A large part of the motivation comes from my fundamental curiosity about the molecular mechanisms of life, and in particular about RNA and its roles and modifications. As mentioned above, the chemical diversity of natural RNA modifications goes far beyond the four standard letters (i.e., nucleotides) A, C, G, and U. While RNA is initially synthesized from these four building blocks by polymerases, other enzymes (often called writer enzymes) decorate certain positions with small chemical modifications, and I would like to understand more about their roles for the diverse functions of RNA. Among RNA modifications, methylated nucleotides belong to the most evolutionary conserved features of modified RNAs. Many of them occur at functionally identical positions throughout all domains of life. This suggests that they provided an early benefit during evolution, and it is an exciting question to address, how such modifications were installed and maintained, given that they cannot be directly inherited but need to be synthesized de novo on any newly generated RNA. Thus, there must be a hidden layer of instructions, when, where and how an RNA gets modified. By uncovering some of the little secrets of life and evolution, we will generate knowledge that may also help us in the development of targets or strategies to understand and combat the development of cellular misfunction and disease. Besides the fundamental roles for RNA structure and function, modified nucleotides have also been in the focus of general interest for their importance to nucleic acid therapies. Indeed, modified nucleotides are essential constituents for all kinds of RNA therapeutics. This includes antisense oligonucleotides and siRNAs, for which mostly backbone modifications play a big role to enhance the affinity to the target mRNA and to enhance stability and prevent undesired degradation by nucleases. Another very important field for the application of modified nucleotides is the area of mRNA vaccines, where a slight variation of the constitution in one of the nucleobases played a decisive role in their success. Moreover, chemically modified nucleotides have been the focus of antiviral research for many years, for example, as inhibitors of viral RNA polymerases. Only recently it was discovered that human cells can endogenously generate modified nucleotides that play a role in antiviral defense mechanisms. This is another example of inspiration and motivation to continue our research on ribozymes and nucleic acid modifications.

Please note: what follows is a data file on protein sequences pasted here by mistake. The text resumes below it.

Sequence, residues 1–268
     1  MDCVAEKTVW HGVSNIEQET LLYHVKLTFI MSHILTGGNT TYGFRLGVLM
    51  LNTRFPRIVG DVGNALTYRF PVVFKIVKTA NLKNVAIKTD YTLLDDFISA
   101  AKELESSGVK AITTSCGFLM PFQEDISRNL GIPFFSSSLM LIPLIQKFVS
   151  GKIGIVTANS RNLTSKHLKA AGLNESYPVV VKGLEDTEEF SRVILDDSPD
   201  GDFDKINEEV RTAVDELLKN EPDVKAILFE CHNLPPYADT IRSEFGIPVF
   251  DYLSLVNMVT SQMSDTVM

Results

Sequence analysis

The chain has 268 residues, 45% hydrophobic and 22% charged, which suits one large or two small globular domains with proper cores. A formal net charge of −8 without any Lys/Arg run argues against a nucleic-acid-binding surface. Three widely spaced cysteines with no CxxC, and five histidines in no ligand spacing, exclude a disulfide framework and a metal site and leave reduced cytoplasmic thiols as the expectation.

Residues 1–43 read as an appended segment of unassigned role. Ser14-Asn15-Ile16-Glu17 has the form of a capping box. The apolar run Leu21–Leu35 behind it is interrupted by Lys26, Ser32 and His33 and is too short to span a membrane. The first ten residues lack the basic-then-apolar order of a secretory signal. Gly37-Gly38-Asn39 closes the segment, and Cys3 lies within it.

In what ways does society benefit from your research?
The breakthrough in ribozyme research and the finding that RNA can catalyze the synthesis of modified nucleotides is of fundamental interest in basic research. Its potential impact may unfold in several different directions. We can imagine many practical applications, first still within the realm of exploratory research in chemical biology, but this may also extend to therapeutic applications in the future. There are many examples in the recent past that demonstrate how fundamental discoveries in RNA biology transitioned into potential applications for the benefit of society. We expect that ribozymes and other functional RNA devices generated in the laboratory may easily find applications in diverse disciplines to enlighten our understanding of cellular RNA functions in health and disease. We also envision catalytic RNAs as active components for future diagnostic and therapeutic applications.